“Irreversible Crisis” starts the album off, and I won’t talk too long on it. I loved the creepy introduction, though in no way sets up what’s to come. The high speed industrialized hatred immediately had me comparing it to Strapping Young Lad, just faster and blacker. The additional background keyboard notes, or what sounds like it, were also a nice touch, but then the cleaner vocals kick in with a slight B-52s comparable approach, which is interesting, but I couldn’t see it lasting beyond this song.
“Across the Universe” also starts out with false promise. The Black Metal riffs sound fantastic against the strong Industrial presence, and then it just slows down to throw in clean singing. These sections are very bland, but far from bad overall, jumping back into the blistering blackened riffs that started things off. These are, hands down, the best parts of the song thanks to the incredibly creepy atmosphere it creates, but there’s more focus on the aforementioned slower section, and later technological sounding chunk that incorporates a bit of a symphonic touch that unfortunately doesn’t last. The variety here is just too much and too sudden when it shifts, and not in a positive Progressive manner, or even an Avant-Garde approach.
“Dirty” was the first song that really grabbed me from start to finish. There’s no false start, it’s consistant from beginning to end despite a sudden stop part way through that builds the music back up, and the energy is mixed with a great deal of intensity that got my heart pumping and fist pounding in the air with the desire to destroy everything and everyone nearby. I also loved the atmosphere, bringing in a truly spirit-breaking tone that shifted in and out of a technologically restrictive oppression. I was immediately reminded of some of the band’s earlier material, which in no way is a bad thing given their recent efforts and how much I disliked Psychogrotesque. It saddened me when it ended, and I immediately hit the previous track button to experience the pounding assault once more before taking another step further.
“Bleedthrough” showed far less intensity, but that technological oppression showed up once more inside a far more dismal wasteland environment. There’s a slower pace here with some of the stronger Black Metal material being a catchy mid-tempo second generation. While not too unique or, even matching the intensity of the previous tracks, it definitely is a lot darker, and still a solid cut that didn’t leave me disappointed. I hoped this would stay consistant through the rest of the album.
Despite the title, “Raped by Daddy” is easily the best track off this entire album. There is a subtle melody to the early Black Metal material here, reminiscent of Emperor< or even the ritualistic style of Inquisition. Again, the music is mostly mid-tempo, and like “Bleedthrough” it stops suddenly part way through to slow things down, but this time for a more Ambient and astral tone that leaves you drifting among the cosmos. In fact, it’s actually quite beautiful and wound up playing with my emotions to the point where I choked back a tear, coming out of it as it ended with the moans of a woman in the throes of passion, or some kind of similar physical or carnal delight. I was honesty let down that this wasn’t placed as the final track, as it closes with the perfect conclusion to any album of this style. But, in a way, it does act as the climax to the most impressive back to back songs that kept the consistancy going.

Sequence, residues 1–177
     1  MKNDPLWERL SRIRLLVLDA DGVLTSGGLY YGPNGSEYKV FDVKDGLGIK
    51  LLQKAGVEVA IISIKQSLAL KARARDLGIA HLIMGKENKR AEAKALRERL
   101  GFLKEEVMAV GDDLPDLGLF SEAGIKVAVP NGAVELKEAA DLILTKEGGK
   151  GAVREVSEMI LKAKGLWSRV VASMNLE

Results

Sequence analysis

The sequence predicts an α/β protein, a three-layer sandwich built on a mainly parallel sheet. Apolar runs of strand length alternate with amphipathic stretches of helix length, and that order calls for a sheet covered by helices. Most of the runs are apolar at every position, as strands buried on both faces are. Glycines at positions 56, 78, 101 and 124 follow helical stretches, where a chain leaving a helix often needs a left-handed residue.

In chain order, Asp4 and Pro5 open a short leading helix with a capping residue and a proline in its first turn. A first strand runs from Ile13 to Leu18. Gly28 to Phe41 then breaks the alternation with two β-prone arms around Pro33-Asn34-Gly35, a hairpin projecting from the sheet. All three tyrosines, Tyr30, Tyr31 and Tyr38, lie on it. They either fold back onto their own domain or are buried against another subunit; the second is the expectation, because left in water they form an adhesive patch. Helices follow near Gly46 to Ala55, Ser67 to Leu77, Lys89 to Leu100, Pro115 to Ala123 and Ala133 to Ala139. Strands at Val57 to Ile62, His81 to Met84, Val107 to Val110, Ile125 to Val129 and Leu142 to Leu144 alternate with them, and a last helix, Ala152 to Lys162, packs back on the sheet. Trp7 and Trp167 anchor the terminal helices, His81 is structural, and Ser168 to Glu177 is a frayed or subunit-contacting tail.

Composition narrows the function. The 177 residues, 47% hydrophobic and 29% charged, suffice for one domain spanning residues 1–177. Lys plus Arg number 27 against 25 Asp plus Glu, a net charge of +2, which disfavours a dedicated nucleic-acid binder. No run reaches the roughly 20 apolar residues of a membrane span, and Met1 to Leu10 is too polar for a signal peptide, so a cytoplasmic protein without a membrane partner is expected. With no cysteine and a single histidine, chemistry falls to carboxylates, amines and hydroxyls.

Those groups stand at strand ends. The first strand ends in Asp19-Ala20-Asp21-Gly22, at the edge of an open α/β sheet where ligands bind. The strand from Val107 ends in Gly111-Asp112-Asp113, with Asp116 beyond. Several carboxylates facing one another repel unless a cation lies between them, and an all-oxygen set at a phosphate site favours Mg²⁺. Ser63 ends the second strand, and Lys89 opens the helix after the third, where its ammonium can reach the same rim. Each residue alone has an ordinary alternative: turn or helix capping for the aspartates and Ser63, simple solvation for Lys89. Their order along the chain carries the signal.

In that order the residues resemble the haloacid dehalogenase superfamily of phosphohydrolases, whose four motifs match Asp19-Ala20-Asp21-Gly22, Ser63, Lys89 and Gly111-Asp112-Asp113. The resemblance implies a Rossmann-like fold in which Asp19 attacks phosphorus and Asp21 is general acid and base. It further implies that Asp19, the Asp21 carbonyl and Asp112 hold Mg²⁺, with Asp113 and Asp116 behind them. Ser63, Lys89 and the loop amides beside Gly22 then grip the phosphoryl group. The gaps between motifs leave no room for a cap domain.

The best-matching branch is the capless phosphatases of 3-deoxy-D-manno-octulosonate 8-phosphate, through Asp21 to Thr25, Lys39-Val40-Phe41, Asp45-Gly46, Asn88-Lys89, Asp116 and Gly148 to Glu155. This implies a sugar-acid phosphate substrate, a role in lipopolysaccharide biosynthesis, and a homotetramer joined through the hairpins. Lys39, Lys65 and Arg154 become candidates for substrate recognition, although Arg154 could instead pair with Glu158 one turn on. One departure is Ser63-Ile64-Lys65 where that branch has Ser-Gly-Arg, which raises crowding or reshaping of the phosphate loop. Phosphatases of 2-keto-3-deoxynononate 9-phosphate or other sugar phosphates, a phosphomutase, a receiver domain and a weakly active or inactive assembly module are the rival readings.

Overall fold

Sadly, the album continues, and you get “I Don’t Know,” which honestly is the perfect title since I still don’t know what the hell I was listening to. The best way to explain it is to ask you to picture the most radio friendly Cradle of Filth song you can think of, and add in some Rock with a very suitable guitar solo that’s actually done well, and legitimate clean singing, not like what appeared on “Irreversible Crisis.” Honestly, I hated this song, and after going back and listening to it a few more times to give it a chance, thinking maybe it wold grow on me, it only pissed me off worse, even making me physically sick. Of course, this is the last song I got to hear for now, but the first minute I heard of “The Factory of Death” didn’t leave me too hopeful either.
There’s no doubt Aborym hasn’t been living up to their first few albums, being on a downward spiral with some fans with nearly every new release. This was actually crucial to me because, knowing disc one is all new material, it played a role in how I feel looking back at what I heard. After only six songs, Dirty didn’t seem like this was an album for the fans, but rather for the benefit of the band and their future. I felt like a member of a test group, being asked what I liked best and least, as if the band were asking me what direction of the many here would be an acceptable path for them to go. So far, this is a literal mixed bag, as if finding the most delicious set of jelly beans from a specific company, and finding the earwax flavor more times than you dared to even count. Not sure if I would suggest the album just yet, but there’s a good few songs I clearly would say fans need to hear just off of disc one. And no, I do not have disc two, but hopefully I will at some point. For now, I’ll be pushing this one aside for another week or two, giving it time, and diving in again for my review when I’m a little refreshed.